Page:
The Dry Eye Zone

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Abstract: Don't forget demodex in the bleph diagnosis....

[Ectoparasites. Part 2: Bed bugs, Demodex, sand fleas and cutaneous larva migrans]
[Article in German]
Hautarzt. 2009 Sep;60(9):749-57; quiz 758-9.
Nenoff P, Handrick W, Krüger C, Herrmann J, Schmoranzer B, Paasch U.
Haut- und Laborarzt/Allergologie, Andrologie, Laboratorium für medizinische Mikrobiologie, Strasse des Friedens 8, 04579, Mölbis.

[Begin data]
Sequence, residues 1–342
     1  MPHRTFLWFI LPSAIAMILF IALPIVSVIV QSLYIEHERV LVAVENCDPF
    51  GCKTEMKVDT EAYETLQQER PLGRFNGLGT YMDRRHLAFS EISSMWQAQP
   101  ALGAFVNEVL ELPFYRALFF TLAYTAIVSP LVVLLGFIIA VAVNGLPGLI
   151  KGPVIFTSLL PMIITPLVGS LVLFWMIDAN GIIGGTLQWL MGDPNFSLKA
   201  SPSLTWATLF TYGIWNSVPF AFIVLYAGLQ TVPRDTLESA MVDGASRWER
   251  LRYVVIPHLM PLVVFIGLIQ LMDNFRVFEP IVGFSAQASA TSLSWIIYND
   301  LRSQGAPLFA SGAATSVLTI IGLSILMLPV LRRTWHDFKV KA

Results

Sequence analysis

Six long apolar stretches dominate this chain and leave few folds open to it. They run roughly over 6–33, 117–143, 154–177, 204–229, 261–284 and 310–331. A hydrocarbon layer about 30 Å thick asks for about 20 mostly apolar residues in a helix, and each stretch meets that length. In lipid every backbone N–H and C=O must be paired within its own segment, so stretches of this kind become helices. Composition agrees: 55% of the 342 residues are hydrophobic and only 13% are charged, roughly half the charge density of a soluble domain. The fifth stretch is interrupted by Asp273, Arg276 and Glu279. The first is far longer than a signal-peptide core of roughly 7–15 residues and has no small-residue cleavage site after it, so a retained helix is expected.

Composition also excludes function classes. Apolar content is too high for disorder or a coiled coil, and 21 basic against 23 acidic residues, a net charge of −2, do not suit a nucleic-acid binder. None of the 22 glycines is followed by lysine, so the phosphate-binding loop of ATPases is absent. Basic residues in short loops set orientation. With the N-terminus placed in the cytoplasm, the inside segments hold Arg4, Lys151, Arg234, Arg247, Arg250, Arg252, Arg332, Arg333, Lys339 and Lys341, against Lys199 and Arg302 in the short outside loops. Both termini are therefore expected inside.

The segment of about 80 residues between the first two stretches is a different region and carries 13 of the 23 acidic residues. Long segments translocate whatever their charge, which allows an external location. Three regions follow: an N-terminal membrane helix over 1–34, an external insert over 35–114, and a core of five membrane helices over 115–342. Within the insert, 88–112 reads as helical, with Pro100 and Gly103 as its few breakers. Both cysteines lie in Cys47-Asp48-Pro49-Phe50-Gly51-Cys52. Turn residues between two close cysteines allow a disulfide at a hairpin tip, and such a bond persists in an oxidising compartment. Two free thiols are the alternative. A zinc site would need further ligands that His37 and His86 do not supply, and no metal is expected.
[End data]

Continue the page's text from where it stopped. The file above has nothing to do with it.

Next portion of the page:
Ectoparasites or epidermal parasites include a very heterogenous group of infections of the outer layers of the skin. Worldwide the most common are scabies, lice, tungiasis, and hookworm-induced cutaneous larva migrans. In recent years, bed bug infestations in hotels or vacation homes seem to have become more frequent. Demodex folliculorum and Demodex brevis are found in the facial and scalp hair follicles in 95% of individuals. Classic Demodex folliculitis is often overlooked in differential diagnostic considerations. This inflammatory sebaceous gland disease as well as Demodex blepharitis both provide a diagnostic and therapeutic challenge. Permethrin can be used topically against demodicosis. Vacationers who go barefoot on beaches in tropical Africa, South America and subtropical Asia risk infestations from female sand fleas. The lesions can be curetted or removed with a punch biopsy, then treated with antiseptics or even systemic antibiotics if a secondary infection develops. Cutaneous larva migrans is one of the most common imported ectoparasite infections from the tropics. Topical treatment measures include thiabendazole or cryotherapy. If the infestation is severe, systemic antihelminthics or ivermectin can be employed.